Indian Express

Why waves don’t matter

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An astonishing observation from the analysis is that, even during large national waves such as anti-Emergency, Indira Gandhi sympathy or Bofors scandal, the southern states and West Bengal voted as per local trends, throwing up local winners or contradicting national trends. An astonishing observation from the analysis is that, even during large national waves such as anti-Emergency, Indira Gandhi sympathy or Bofors scandal, the southern states and West Bengal voted as per local trends, throwing up local winners or contradicting national trends.

Data analysis for over 40 years shows that national issues or sentiments have a limited impact on votes and seats for a national party.

Amidst the current shrill, acrimonious rhetoric from political parties over a national “Modi wave”, its alleged mythical existence, and accusations of a compromised media in perpetuating it, one would think national waves make or break electoral fortunes in the Lok Sabha (LS) elections. Do national narratives or waves play an important role in determining voter preferences across states? Not really, as this analysis shows. Using the definition of a national wave as “a nationwide sentiment that can work either for or against one national party”, historical electoral data analysis reveals that waves are not probably worth squabbling over. The impact of national sentiment on vote- and seat-share has declined significantly over the last four decades as voting preferences get more local and state-specific. This analysis shows India’s national elections may not be national in its true sense but merely a series of state elections held simultaneously to elect a Central government.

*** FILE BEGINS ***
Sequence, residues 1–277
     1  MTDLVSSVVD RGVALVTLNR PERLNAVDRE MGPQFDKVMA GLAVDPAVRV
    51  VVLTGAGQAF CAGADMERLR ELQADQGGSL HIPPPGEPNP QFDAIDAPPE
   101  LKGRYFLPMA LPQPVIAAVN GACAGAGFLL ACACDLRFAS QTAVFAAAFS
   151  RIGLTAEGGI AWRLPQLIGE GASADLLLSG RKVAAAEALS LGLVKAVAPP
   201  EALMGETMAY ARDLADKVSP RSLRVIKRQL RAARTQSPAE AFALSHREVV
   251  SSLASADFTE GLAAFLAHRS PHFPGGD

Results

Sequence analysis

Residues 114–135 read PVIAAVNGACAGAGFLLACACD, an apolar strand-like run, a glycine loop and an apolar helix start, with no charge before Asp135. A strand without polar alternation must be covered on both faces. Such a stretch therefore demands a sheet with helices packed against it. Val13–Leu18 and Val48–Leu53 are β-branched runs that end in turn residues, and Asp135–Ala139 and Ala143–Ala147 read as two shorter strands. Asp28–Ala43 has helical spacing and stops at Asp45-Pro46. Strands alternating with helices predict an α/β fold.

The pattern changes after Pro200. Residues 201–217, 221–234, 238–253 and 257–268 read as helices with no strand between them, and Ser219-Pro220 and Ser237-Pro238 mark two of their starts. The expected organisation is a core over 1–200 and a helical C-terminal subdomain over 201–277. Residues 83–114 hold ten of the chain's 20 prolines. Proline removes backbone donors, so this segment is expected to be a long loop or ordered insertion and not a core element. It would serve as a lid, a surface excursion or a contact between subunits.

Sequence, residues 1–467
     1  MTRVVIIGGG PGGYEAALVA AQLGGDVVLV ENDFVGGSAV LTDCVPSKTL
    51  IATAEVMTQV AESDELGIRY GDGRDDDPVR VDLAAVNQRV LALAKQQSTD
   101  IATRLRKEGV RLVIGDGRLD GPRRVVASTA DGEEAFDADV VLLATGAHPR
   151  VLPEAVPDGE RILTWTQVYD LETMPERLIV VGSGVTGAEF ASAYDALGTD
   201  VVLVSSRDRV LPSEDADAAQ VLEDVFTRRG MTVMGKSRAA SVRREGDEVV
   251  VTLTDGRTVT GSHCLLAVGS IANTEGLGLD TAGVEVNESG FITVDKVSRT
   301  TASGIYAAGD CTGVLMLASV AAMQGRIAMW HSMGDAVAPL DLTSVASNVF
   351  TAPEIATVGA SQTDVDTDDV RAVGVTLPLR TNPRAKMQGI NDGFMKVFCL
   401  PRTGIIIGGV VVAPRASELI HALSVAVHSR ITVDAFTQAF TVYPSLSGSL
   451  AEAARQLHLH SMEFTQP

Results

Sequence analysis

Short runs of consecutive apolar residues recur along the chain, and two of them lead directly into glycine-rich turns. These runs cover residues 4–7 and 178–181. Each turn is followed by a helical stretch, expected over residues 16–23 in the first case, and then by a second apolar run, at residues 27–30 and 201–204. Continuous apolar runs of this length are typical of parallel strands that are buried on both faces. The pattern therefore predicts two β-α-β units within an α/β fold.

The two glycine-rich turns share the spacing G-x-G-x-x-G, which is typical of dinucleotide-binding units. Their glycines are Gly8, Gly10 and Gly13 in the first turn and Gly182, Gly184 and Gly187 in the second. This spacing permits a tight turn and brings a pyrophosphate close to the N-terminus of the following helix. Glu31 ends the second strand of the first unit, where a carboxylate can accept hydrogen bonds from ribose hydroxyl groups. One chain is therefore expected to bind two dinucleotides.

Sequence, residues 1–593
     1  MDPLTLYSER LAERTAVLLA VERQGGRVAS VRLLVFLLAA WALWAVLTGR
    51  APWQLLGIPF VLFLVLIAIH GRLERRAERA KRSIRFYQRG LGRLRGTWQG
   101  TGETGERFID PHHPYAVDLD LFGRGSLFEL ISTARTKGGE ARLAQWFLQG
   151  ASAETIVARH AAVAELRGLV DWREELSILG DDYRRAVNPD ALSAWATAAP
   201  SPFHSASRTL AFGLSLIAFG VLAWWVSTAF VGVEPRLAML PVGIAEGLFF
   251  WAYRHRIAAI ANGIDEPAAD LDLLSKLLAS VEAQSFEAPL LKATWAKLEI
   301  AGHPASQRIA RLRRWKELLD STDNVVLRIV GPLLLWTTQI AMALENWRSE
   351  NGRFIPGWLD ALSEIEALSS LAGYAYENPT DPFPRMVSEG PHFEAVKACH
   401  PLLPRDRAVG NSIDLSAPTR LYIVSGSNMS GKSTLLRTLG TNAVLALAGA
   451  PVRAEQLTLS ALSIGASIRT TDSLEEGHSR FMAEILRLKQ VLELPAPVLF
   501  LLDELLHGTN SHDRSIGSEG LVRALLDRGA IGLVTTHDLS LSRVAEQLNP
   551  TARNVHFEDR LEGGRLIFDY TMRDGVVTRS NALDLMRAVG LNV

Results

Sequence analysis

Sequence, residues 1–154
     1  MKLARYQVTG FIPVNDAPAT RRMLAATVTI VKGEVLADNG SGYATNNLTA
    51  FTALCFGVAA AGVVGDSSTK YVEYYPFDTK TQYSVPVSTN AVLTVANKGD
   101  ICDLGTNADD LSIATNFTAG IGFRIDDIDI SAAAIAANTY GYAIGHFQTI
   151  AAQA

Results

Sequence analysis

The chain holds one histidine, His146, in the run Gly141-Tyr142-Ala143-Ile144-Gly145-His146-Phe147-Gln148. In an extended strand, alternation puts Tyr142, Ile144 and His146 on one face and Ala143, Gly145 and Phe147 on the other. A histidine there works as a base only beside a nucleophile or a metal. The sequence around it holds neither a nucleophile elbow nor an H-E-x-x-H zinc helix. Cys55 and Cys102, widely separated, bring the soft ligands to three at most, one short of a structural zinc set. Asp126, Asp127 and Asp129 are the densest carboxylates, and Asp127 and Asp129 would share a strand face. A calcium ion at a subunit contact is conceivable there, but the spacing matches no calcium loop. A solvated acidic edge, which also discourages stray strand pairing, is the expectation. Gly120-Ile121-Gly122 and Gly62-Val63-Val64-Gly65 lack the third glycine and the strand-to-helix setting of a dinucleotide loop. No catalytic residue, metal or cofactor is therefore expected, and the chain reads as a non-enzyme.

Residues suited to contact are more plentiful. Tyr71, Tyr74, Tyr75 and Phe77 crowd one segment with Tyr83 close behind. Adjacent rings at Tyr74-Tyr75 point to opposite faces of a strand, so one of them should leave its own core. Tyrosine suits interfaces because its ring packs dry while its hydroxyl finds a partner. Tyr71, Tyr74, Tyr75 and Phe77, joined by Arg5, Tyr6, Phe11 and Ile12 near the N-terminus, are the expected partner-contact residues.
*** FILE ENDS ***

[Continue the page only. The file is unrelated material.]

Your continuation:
It is worth acknowledging upfront, the usual cynicism about historical data analysis — the past does not predict the future, this time it is different, data does not capture sentiment, and so on. Past data equals actual results and not mere opinions collected through surveys. Historical data reveal broad trends that can be used to contextualise an argument. Thus, if this analysis shows that national waves have a declining impact on vote-share, all it merely does is put in perspective the enormity of the challenge of bucking a 40-year trend. As an ordinary data columnist, it is not my case to opine if it is achievable or not.

For the purposes of this analysis, I identified five “national waves or sentiments” since 1977 and the national party or alliance that was the supposed beneficiary of this wave, as per the prevailing notion then: one,1977: anti-Emergency. Pro-Lok Dal, anti-Congress; two, 1984: Indira Gandhi assassination sympathy wave. Pro-Congress; three: 1989 — Bofors and anti-corruption. Pro-National Front. Anti-Congress; four: 1999 — Vajpayee wave (after the 13 month 1998 Vajpayee government). Pro-BJP; five: 2004 — “India Shining”. Pro-BJP

The 12 largest states in the country account for 81 per cent (440) of all LS seats currently and for 87 per cent (470) of all seats until 1999 (before the partition of big states) So, an analysis of vote-share, seat-share and state-share for the national parties across these 12 states in continued…

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